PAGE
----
Mission Aviation Fellowship

Cadet Pilot Protection Debate Heads to Parliament

The debate over the financial oversight of UK Approved Training Organisations (ATOs) has now made it to Westminster, with Tim Loughton, Member of Parliament for East Worthing & Shoreham, calling on the Department for Transport (DfT) to introduce steps to prevent cadet pilots losing their training investment when an ATO folds.

In a presentation made at Westminster Hall on 12 September, Tim Loughton MP gave an impassioned plea for intervention from the DfT to force the Civil Aviation Authority (CAA) to provide financial oversight of ATOs, as well as reopening the debate over the imposition of VAT on flight training courses.

As reported previously, the collapse of two schools, FTA-Global at Shoreham and Tayside Aviation at Dundee, resulted in over 200 cadets having their training programmes cancelled and, in most cases, the loss of significant sums of money paid upfront for training, as much as £90,000 for certain individuals, and over £4m in total. In his presentation, Loughton opened by stating that the issue is not just a local one but a nationwide problem with far-reaching implications for the UK flight training industry:

“Looking at the figures, we can see the looming problem. Back in 2015, around 2,500 commercial pilot licences were issued in this country. The prediction for this year is down to 500. We are losing a lot of capacity, and those three flying schools [Loughton somewhat erroneously included Bournemouth Commercial Flight Training, which closed in November 2022 without impacting cadets’ training funds, in his list of failed ATOs – Ed] alone are responsible for a large chunk of that capacity. Hundreds of students are finding themselves seriously out of pocket because their flying school has gone down either before they started their course, having paid their fees up front, or mid-way through the course.”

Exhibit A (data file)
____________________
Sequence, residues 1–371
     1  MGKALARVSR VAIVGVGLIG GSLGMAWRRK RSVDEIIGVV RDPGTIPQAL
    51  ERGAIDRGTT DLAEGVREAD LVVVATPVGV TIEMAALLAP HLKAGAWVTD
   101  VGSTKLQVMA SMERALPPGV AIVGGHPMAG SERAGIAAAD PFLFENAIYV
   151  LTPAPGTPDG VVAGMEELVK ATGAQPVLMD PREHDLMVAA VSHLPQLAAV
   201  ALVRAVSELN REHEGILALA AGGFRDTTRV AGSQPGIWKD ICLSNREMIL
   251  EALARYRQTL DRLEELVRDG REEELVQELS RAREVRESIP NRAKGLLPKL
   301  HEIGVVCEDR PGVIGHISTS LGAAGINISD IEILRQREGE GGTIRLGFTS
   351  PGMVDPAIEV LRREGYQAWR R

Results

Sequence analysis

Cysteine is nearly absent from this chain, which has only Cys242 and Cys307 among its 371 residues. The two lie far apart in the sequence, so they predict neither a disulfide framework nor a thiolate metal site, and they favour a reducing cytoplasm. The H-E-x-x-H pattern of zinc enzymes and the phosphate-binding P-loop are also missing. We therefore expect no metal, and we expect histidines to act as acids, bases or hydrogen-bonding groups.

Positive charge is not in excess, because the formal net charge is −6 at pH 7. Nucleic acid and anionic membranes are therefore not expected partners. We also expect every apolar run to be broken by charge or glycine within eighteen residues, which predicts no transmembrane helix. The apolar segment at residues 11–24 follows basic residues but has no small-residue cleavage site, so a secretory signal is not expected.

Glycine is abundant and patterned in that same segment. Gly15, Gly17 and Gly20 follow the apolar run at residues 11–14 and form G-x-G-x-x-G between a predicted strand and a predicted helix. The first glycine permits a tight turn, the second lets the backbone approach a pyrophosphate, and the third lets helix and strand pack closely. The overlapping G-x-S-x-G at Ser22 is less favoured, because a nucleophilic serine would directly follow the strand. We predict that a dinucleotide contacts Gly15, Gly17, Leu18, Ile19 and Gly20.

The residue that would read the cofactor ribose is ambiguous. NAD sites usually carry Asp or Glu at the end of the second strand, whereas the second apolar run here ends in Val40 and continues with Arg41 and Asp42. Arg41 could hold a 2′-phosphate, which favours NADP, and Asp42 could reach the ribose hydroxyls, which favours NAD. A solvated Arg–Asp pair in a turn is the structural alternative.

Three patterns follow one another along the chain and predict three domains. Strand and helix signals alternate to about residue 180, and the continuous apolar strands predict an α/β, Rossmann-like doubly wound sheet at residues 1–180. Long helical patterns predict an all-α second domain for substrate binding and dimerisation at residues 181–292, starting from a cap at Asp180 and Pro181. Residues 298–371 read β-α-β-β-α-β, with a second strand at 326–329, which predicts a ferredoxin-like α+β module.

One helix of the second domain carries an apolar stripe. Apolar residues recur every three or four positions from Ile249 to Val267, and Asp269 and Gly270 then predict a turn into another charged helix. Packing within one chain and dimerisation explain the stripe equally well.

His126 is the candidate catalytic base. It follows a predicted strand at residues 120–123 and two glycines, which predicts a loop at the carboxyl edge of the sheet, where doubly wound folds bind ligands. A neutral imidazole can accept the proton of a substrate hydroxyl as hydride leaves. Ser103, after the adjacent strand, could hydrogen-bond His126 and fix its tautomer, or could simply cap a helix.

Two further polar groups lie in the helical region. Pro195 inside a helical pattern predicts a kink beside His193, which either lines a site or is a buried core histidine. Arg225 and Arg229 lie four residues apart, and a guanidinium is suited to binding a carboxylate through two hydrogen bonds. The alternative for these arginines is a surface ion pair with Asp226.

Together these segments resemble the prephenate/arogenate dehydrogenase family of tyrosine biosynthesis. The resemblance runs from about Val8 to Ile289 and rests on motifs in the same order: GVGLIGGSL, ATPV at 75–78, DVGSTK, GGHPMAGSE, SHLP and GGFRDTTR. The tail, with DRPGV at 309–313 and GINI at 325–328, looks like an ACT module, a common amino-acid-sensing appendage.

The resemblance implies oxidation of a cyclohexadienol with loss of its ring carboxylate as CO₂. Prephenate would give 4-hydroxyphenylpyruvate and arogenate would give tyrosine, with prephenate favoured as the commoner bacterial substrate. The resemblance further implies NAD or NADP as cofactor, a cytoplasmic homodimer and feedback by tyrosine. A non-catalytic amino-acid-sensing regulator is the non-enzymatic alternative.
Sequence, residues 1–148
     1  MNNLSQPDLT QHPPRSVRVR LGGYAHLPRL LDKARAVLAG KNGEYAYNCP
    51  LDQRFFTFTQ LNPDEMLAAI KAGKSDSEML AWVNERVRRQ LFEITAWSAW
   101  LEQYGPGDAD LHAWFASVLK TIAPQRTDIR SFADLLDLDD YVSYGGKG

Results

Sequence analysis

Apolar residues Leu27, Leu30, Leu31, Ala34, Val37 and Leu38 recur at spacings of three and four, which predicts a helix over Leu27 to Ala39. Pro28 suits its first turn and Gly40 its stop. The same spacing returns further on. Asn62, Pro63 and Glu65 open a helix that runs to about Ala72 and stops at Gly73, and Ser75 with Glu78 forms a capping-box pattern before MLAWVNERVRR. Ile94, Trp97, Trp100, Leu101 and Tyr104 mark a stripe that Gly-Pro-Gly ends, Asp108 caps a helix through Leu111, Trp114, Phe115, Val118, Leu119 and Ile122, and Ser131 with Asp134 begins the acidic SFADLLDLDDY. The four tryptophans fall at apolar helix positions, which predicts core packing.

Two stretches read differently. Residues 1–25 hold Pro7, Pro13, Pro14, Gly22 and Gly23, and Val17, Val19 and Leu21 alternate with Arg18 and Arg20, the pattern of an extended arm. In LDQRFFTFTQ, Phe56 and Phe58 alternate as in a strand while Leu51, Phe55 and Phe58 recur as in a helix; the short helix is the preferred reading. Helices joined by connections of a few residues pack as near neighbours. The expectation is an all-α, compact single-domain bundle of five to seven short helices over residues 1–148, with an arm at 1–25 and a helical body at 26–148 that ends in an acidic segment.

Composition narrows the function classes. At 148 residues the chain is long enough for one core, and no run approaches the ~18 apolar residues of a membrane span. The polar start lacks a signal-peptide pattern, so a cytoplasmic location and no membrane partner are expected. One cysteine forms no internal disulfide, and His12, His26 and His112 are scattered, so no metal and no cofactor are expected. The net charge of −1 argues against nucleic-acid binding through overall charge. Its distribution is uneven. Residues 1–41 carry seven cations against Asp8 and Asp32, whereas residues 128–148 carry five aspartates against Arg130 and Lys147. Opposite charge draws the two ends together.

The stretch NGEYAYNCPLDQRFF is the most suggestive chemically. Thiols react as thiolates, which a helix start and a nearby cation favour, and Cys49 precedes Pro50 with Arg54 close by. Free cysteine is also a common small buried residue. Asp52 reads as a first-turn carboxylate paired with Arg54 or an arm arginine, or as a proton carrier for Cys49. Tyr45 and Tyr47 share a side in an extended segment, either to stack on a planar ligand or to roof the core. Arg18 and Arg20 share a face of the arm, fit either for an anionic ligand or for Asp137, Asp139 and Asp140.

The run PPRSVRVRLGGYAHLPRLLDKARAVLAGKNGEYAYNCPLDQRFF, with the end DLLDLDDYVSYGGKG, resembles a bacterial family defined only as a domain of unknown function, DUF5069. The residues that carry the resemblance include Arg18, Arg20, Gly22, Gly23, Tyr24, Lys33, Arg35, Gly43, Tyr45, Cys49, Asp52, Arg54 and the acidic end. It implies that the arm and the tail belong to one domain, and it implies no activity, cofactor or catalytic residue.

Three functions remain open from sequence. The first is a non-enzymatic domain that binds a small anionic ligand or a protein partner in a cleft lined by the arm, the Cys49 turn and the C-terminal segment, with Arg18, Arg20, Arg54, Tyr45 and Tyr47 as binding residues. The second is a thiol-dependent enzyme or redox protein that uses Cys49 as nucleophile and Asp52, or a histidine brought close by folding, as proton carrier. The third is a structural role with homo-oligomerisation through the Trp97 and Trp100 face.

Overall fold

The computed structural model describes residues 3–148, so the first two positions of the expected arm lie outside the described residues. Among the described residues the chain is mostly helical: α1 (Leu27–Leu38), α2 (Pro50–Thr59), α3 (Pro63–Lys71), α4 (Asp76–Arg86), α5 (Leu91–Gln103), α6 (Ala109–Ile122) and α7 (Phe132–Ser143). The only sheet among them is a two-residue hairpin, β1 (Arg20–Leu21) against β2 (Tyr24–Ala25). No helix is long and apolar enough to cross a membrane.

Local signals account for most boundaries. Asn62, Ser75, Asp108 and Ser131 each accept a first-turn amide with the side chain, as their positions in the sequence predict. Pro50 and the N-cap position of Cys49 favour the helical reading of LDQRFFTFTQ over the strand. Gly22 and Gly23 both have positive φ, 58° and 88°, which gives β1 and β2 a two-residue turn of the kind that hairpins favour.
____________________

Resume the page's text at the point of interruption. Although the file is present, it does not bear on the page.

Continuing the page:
Loughton continued by quoting from letters sent to him from families impacted by the closure of FTA at Shoreham, recounting stories of huge losses borne by them after having paid upfront for flight training programmes, before stating that he had taken the issue up with Aviation Minister Baroness Vere and the CAA. Loughton confirmed that they had written back to him, reiterating their stance that while the CAA has a statutory duty to provide safety oversight of ATOs, it is not responsible for the financial oversight of them.

Those following the story to date will be aware that industry does not agree with the CAA’s stance that it is not responsible for the financial oversight of ATOs, pointing to retained EU law which specifically references such an oversight requirement, but it appears that the CAA and DfT are continuing to close ranks on this. Loughton reiterated the ongoing disagreement, but then took a new angle, arguing that safety and financial stability are interlinked:

“There is growing evidence that the cash-flow problems that flying schools have had were leading to corners being cut, which could lead to compromised levels of safety, so financial sustainability is an important consideration in ensuring that flying training schools offer the full, safe and regulated pilots course that those students pay for.”

Loughton went on to describe some of the reasons why some ATOs are struggling to stay afloat, referencing the impacts of the COVID pandemic, the hike in fuel prices due to the conflict in Ukraine, and also the fact that the UK is almost unique in Europe in imposing VAT on flight training courses.

…perhaps uniquely in Europe, flying training courses in this country are subject to VAT, which is a large premium on top of already larg fees. That does not happen in most if not all other European countries, where flying training is quite rightly treated as being educational, so is not subject to VAT,” Loughton said.

Addressing Rt Hon Jesse Norman, Minster of State at the DfT, who was deputising on behalf of Baroness Vere, Loughton asked: “Does he think that flying training is a form of education and training, which the Government quite rightly encourage? If so, can he say why it is being treated as just any other sort of consumer item on which people are liable to pay VAT? That does not seem right.”